Aren Tiernal knows that safety is an illusion, that his cruel and powerful brother will never forgive his betrayal. Still, returning to Tyrea to challenge Severn for the throne would be suicide. It’s not until Severn himself comes to collect what’s owed to him that Aren decides to risk everything in an attempt to bring down the most powerful Sorcerer Tyrea has ever known. The mission seems doomed to fail, but it’s Aren’s only chance to save himself, his country, and the woman who thawed his heart.
Rowan Greenwood has troubles of her own. Though she should be a great Sorceress, years of being closed off from her magic have left her unable to control her incredible power. When a pair of ominous letters arrive from her home country, Rowan has to choose between her new life and a chance at saving her family—and just maybe changing an entire country’s beliefs about the evils of magic.
Torn apart by separate quests, Rowan and Aren will have to discover untapped strengths and confront their darkest fears in order to overthrow a ruler determined to destroy them both.
Bound Trilogy, Tome 2 : Torn
Prologue: Nox (one year before)
They called me too late.
The grieving father handed me a burlap bag and cabbage heads as his wife wept over their daughter's body. My finger brushed his, and he jerked them away.
'It's all we have', he said, and wiped his nose on the discoloured sleeve of his shirt.
The child had been hardly more than a baby, dirty and thin, probably not especially well looked-after at the best of times. Her parents had sent their older son to fetch me early that evening. I hadn't been able to do more than ease her suffering as she left us, but they'd been grateful for that.
The poorer folk always waited too long. Their pride held them back. If they couldn't afford afford to offer a Potioner a decent fee for her devices, well, they wouldn't take charity. Not until things got so bad that even I couldn't fix them.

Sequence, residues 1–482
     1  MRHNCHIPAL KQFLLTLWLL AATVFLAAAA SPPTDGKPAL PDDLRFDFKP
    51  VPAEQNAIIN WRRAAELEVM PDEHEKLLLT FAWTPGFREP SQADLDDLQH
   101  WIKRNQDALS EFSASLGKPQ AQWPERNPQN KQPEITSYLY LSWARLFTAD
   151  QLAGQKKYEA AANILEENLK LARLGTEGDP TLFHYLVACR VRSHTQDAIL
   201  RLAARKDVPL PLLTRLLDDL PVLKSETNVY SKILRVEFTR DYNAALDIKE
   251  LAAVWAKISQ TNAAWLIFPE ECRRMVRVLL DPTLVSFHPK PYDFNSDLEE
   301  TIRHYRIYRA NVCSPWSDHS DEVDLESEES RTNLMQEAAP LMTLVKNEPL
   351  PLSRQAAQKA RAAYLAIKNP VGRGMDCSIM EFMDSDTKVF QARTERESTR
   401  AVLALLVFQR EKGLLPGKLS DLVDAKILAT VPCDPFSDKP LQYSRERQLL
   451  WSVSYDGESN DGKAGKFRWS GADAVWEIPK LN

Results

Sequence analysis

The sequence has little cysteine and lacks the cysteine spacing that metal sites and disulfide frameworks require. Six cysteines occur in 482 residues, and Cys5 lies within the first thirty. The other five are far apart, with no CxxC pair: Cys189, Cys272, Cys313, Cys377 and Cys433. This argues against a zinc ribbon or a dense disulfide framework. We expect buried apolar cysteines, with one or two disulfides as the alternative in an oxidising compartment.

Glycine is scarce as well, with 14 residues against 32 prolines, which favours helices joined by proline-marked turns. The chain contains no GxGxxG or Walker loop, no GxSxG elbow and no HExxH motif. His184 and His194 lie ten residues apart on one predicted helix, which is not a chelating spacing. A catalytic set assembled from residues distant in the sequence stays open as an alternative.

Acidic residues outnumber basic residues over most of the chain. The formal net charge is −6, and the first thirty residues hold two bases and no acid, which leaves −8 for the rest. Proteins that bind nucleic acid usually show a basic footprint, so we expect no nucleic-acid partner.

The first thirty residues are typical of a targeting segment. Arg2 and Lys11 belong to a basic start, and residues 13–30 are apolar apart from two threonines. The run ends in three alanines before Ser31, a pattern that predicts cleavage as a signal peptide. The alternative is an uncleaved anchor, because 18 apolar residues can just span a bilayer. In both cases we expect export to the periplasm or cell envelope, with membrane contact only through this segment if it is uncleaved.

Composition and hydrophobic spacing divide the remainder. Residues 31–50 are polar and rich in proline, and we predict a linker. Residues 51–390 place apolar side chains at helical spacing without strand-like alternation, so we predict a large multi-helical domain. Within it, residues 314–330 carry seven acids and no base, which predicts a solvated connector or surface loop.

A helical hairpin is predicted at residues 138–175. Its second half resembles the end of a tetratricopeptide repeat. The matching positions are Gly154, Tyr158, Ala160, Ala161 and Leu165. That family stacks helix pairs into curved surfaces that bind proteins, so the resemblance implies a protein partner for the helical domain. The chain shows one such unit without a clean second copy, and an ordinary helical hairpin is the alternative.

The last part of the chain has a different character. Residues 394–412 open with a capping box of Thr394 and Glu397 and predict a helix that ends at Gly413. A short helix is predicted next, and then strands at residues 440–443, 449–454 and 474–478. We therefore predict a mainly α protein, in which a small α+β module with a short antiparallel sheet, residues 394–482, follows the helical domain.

Their hour reeked of weak cabbage stew and the effects of illness, but beneath that lay the lingering soap smell of the laundry the wife took in, their only source of income through the winter. A pittance, really, and likely abandoned when the child fell ill. Had i been up to me, I'd have told them not to worry about paying. My husband would expect me to bring something home, though. He'd have preferred coin, but I could hardly ask that from these people.
Instead, I expressed my regret over their loss and accepted the sack of vegetables.
Even when they need me and after all the good I did for them, people in northern Tyrea were superstitious about Potioners, especially one like me. At twenty-two years of age I was too young and inexperienced to be considered trustworthy, but too talented for them to ignore my gifts. At least this man had the good grace to look embarrassed about his nervousness as he showed me the door.
The wind pulled my breath from me as I stepped into the frigid night and found my way home, holding my lamp in front of me like Pourana, the woman of legend who guided spirits of the dead to paradise.
We saw so much death that winter. A terrible sickness had swept through the province, and though other villages lost far more than we did, the guilt over those who died still weighed heavily on me. Not everyone was as kind as that family, and many blamed me when I couldn't save someone they loved. But they needed me, and I tried to keep my resentment over their ingratitude and unending demands to myself.
There was no one at home interested in listening anyway, and I wasn't about to start muttering to myself.
I had been practicing forbearance for several years, silently weathering my husband's criticisms and demands, shrugging it off when he insulted me, quietly tending to my own wounds when the need arose.
Denn was the son of a local businessman, and accustomed to a certain lifestyle, of which I was an integral part whether I wished it or not. The folk of the village saw him as an upstanding citizen and hard worker, and they looked away from his many indiscretions. If they suspected what went on behind the walls of our little home, they never offered to help. I was an outsider for another town. Dean had charmed me into marrying him, and the consequences of that were mine to deal with. I didn't need anyone's help or pity.
A stone gust of wind ushered me into the house, scattering snow across the scratched and dented wood floor. I struggled to close the door and silently cursed Denn once again for building his home facing east, with its back to the town and nothing to protect us from the winter winds.
I crept across the floor and set my black bag on the kitchen table, careful to not let the glass bottles within clatter against each other. I kept meaning to wrap them properly, but the past week had left me barely any time to eat, sleep, bathe, or brew, let alone take care of small chores. My supply shelves covered the smallest wall in the kitchen with rows of glazed pots and glass jars. Best to get it done, though my hands shook with exhaustion. Someone would need me again soon, and I had better be ready.
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